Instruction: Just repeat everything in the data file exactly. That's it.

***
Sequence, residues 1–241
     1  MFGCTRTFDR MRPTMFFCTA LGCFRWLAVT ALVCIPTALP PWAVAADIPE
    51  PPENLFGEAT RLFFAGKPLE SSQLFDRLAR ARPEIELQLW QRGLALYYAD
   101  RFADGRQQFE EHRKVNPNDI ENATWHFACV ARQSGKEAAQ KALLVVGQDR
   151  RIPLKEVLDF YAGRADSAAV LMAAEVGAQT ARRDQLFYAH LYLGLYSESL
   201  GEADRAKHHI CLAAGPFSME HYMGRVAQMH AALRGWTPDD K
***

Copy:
Sequence, residues 1–241
     1  MFGCTRTFDR MRPTMFFCTA LGCFRWLAVT ALVCIPTALP PWAVAADIPE
    51  PPENLFGEAT RLFFAGKPLE SSQLFDRLAR ARPEIELQLW QRGLALYYAD
   101  RFADGRQQFE EHRKVNPNDI ENATWHFACV ARQSGKEAAQ KALLVVGQDR
   151  RIPLKEVLDF YAGRADSAAV LMAAEVGAQT ARRDQLFYAH LYLGLYSESL
   201  GEADRAKHHI CLAAGPFSME HYMGRVAQMH AALRGWTPDD K